US2122108A (en) * 1937-09-17 1938-06-28 Medlin Elmer Duane Shoe heel
US2234542A (en) * 1939-12-04 1941-03-11 John F Anderson Rubber heel
US2441828A (en) * 1944-08-07 1948-05-18 Donald K Mclennan Heel mounting
US2440404A (en) * 1944-08-11 1948-04-27 Robur Heel Company Aktiebolag Shoe heel with exchangeable heelpiece
US2421792A (en) * 1945-02-06 1947-06-10 Levine Ely Herman Detachable boot and shoe heel
US2738599A (en) * 1954-04-26 1956-03-20 Benjamin F Phillips Shoe heel construction

Cited By (37)

* Cited by examiner, † Cited by third party
Publication number Priority date Publication date Assignee Title
US4342158A (en) * 1980-06-19 1982-08-03 Mcmahon Thomas A Biomechanically tuned shoe construction
WO1981003602A1 (en) * 1980-06-19 1981-12-24 T Mcmahon Biomechanically tuned shoe construction
US5343639A (en) * 1991-08-02 1994-09-06 Nike, Inc. Shoe with an improved midsole
US5353523A (en) * 1991-08-02 1994-10-11 Nike, Inc. Shoe with an improved midsole
US5542198A (en) * 1994-02-23 1996-08-06 Dexter Shoe Company Bowling shoe construction with removable slide pad and heel
US6253466B1 (en) 1997-12-05 2001-07-03 New Balance Athletic Shoe, Inc. Shoe sloe cushion
US6026593A (en) * 1997-12-05 2000-02-22 New Balance Athletic Shoe, Inc. Shoe sole cushion
US6598324B1 (en) 2000-02-23 2003-07-29 American Bowling Services, Inc. Bowling shoes having customizable ground engagement
US6907682B2 (en) 2000-12-21 2005-06-21 Columbia Insurance Company Horseshoe-shape bowling shoe heel
US6487796B1 (en) 2001-01-02 2002-12-03 Nike, Inc. Footwear with lateral stabilizing sole
US20040221483A1 (en) * 2001-11-02 2004-11-11 Mark Cartier Footwear midsole with compressible element in lateral heel area
US6964120B2 (en) 2001-11-02 2005-11-15 Nike, Inc. Footwear midsole with compressible element in lateral heel area
US6968636B2 (en) 2001-11-15 2005-11-29 Nike, Inc. Footwear sole with a stiffness adjustment mechanism
US6662475B2 (en) 2002-02-27 2003-12-16 Columbia Insurance Company Reversible heel
US6898870B1 (en) 2002-03-20 2005-05-31 Nike, Inc. Footwear sole having support elements with compressible apertures
US6880267B2 (en) 2003-01-08 2005-04-19 Nike, Inc. Article of footwear having a sole structure with adjustable characteristics
US20040181969A1 (en) * 2003-01-08 2004-09-23 Nike, Inc. Article of footwear having a sole structure with adjustable characteristics
US20040128860A1 (en) * 2003-01-08 2004-07-08 Nike, Inc. Article of footwear having a sole structure with adjustable characteristics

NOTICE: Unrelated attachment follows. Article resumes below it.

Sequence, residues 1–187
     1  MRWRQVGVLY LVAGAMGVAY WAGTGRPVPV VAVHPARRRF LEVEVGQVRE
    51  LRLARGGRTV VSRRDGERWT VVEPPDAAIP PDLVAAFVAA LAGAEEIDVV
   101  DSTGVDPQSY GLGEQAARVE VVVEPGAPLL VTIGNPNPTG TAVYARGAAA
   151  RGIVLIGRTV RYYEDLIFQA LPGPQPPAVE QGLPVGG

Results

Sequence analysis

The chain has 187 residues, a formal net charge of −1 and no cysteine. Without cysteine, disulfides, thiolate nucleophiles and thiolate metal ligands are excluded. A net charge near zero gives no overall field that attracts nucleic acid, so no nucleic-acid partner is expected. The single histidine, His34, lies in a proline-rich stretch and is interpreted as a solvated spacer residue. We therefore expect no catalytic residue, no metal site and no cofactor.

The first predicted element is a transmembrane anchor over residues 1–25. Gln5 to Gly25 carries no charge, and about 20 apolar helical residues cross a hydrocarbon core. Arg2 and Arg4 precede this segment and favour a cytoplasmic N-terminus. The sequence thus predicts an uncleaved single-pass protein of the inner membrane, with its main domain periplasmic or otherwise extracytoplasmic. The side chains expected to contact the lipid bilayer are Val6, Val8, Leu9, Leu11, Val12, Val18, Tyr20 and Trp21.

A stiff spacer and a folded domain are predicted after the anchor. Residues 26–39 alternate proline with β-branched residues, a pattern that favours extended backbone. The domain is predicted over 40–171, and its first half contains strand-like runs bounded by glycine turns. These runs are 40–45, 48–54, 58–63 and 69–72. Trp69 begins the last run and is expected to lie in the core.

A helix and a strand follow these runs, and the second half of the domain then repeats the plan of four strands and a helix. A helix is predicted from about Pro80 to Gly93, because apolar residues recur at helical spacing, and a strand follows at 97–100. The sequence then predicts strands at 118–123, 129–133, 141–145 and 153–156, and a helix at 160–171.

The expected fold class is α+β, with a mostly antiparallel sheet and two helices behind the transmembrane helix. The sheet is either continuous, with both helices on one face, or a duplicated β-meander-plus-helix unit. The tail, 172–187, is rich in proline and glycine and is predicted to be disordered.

US7082698B2 (en) 2003-01-08 2006-08-01 Nike, Inc. Article of footwear having a sole structure with adjustable characteristics
US20060185191A1 (en) * 2005-02-18 2006-08-24 Nike, Inc. Article of footwear with plate dividing a support column
US7493708B2 (en) 2005-02-18 2009-02-24 Nike, Inc. Article of footwear with plate dividing a support column
US20070039204A1 (en) * 2005-08-17 2007-02-22 Nike, Inc. Article of footwear having midsole with support pillars and method of manufacturing same
US20110067263A1 (en) * 2005-08-17 2011-03-24 Nike, Inc. Article of Footwear Having Midsole with Support Pillars and Method of Manufacturing Same
US7401418B2 (en) 2005-08-17 2008-07-22 Nike, Inc. Article of footwear having midsole with support pillars and method of manufacturing same
US7841105B2 (en) 2005-08-17 2010-11-30 Nike, Inc. Article of footwear having midsole with support pillars and method of manufacturing same
US20100077636A1 (en) * 2005-08-17 2010-04-01 Nike, Inc. Article of footwear having midsole with support pillars and method of manufacturing same
US7578075B1 (en) * 2005-09-10 2009-08-25 Quintana Kemp Collapsible shoe and methods for making and using same
US7774955B2 (en) 2005-10-03 2010-08-17 Nike, Inc. Article of footwear with a sole structure having fluid-filled support elements
US8312643B2 (en) 2005-10-03 2012-11-20 Nike, Inc. Article of footwear with a sole structure having fluid-filled support elements
US7810256B2 (en) 2005-10-03 2010-10-12 Nike, Inc. Article of footwear with a sole structure having fluid-filled support elements
US7533477B2 (en) 2005-10-03 2009-05-19 Nike, Inc. Article of footwear with a sole structure having fluid-filled support elements
US8656608B2 (en) 2005-10-03 2014-02-25 Nike, Inc. Article of footwear with a sole structure having fluid-filled support elements
US8302328B2 (en) 2005-10-03 2012-11-06 Nike, Inc. Article of footwear with a sole structure having fluid-filled support elements
US8302234B2 (en) 2005-10-03 2012-11-06 Nike, Inc. Article of footwear with a sole structure having fluid-filled support elements
US7748141B2 (en) 2006-05-18 2010-07-06 Nike, Inc Article of footwear with support assemblies having elastomeric support columns
US20070266592A1 (en) * 2006-05-18 2007-11-22 Smith Steven F Article of Footwear with Support Assemblies having Elastomeric Support Columns
US8813394B2 (en) 2011-06-29 2014-08-26 Etonic Holdings, Llc Bowling shoe outsole with interchangeable pads